Another example is an interview given by Russia’s former minister of finance and deputy prime-minister Alexei Kudrin to ITAR-TASS on 22 July 2014. Kudrin claimed that the Ukrainian events were only a trigger for forces within Russia, and their eventual aim is to disconnect from the Western countries and reach an economic independence resembling isolation. Kudrin was surprised and worried about the level of anti-West rhetoric in Russia. He estimated that the Russian economy will continue stagnating and, if the sanctions are increased, the Russian economy will go into a recession next year. According to Kudrin, Russian businesspeople are worried about escalation and political responses that will cause losses and prevent future investments.

So far this year the loss of foreign investments in Russia is estimated at US$75 billion. On 25 July the Russian Central Bank raised key interest rates for the third time in five months in an attempt to slow down investors’ runaway. Russia is having an internal conflict between pro-Western and anti-Western groups of interests and every new sanction now means new reactionary legislation within Russia.

Conclusion

Following the recent events in Eastern Ukraine, further deterioration of the relationship between Russia and the Western countries seems inevitable.

The sanctions that have been imposed so far have dealt mostly with Vladimir Putin’s close circle of friends and officials who are involved in the Ukrainian events; however, in the wake of the MH17 crash, the European public are pushing towards imposing additional sanctions on Russia, with the United Kingdom, France and Germany already declaring that they will push for further sanctions.

Within Russia, many are in favour of further disconnecting from the West and developing relationships with BRICS countries instead. The implementation of anti-corruption legislation has been put on hold, with Russian officials focusing instead on trying to introduce new laws to detach the Russian markets from Europe and the United States. New sanctions that will be imposed by the European Union and the United States, and the new Russian legislation that will emerge in response, will require a reassessment of compliance programmes for foreign companies working within Russia.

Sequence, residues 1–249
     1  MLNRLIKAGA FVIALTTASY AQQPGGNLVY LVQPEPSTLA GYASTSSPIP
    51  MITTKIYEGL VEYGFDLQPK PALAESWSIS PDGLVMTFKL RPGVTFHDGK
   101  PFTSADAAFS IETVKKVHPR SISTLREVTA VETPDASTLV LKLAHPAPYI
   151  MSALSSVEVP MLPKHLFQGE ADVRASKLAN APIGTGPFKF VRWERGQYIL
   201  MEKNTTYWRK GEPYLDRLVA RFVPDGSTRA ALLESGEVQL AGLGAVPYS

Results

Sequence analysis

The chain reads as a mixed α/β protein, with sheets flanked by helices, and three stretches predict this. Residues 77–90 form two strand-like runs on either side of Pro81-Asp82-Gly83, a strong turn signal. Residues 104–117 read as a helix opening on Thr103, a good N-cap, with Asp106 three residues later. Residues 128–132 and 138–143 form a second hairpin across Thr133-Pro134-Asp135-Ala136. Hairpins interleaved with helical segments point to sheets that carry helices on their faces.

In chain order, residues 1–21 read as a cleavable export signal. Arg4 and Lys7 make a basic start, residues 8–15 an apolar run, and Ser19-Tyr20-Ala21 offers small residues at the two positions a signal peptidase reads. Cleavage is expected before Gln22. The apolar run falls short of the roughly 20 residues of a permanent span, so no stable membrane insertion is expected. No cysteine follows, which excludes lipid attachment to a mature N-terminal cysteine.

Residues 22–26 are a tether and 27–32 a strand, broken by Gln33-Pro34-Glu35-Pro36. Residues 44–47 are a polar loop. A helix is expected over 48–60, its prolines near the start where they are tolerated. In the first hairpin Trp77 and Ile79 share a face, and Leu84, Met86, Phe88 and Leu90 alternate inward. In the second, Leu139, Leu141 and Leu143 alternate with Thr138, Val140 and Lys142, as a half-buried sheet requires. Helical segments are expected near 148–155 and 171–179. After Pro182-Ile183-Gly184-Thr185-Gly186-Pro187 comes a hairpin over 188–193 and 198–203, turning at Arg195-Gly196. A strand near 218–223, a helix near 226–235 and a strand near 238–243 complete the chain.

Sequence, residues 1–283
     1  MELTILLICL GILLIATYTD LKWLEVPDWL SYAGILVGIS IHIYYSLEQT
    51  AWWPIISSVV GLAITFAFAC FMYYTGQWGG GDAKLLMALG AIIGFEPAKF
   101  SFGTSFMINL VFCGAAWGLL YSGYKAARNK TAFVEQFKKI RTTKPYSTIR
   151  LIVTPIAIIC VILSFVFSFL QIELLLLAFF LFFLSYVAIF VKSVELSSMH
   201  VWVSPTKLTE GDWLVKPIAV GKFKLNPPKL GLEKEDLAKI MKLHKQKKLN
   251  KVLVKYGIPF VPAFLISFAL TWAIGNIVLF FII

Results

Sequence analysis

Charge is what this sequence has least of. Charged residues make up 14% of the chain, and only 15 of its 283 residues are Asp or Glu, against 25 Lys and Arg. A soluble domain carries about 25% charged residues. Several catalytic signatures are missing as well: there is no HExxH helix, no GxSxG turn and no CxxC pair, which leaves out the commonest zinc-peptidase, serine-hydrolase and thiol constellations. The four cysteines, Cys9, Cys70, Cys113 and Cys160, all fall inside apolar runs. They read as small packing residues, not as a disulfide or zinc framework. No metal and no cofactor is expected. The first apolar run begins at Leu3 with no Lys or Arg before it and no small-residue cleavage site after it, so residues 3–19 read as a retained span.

Companies dealing with Russian interests should think about the following.

  • Due to the constant addition of more sanctions companies should consider a sanctions and export-control programme. Russian sub-contractors should be checked against a sanctions list – not just as a once-off check, but every single day as an ongoing check.
  • Companies should be prepared that any of their sub-contractors may be included in a sanctions list at any moment. Contracts need to be changed to talk specifically about sanctions and the effect of a contracted party being included on a sanctions list.
  • Many Russian officials run their companies and assets through family members; hence, due diligence must go beyond just looking at the actual person on the sanctions list. Companies need to be thinking about the relationships that the sanctioned person has, their family members, relatives, investment vehicles, and all property owned by that person.
  • Companies must build a contingency for sanctions and include this as part of their risk-management programme. They need to be thinking about high-risk areas, the effect that it might have on their business-interruption programme, and how it might affect their customers.
  • Companies should prepare themselves for anti-Western legislation to be implemented within Russia as a reaction to the sanctions. Such legislation should be monitored carefully and integrated immediately into compliance programmes.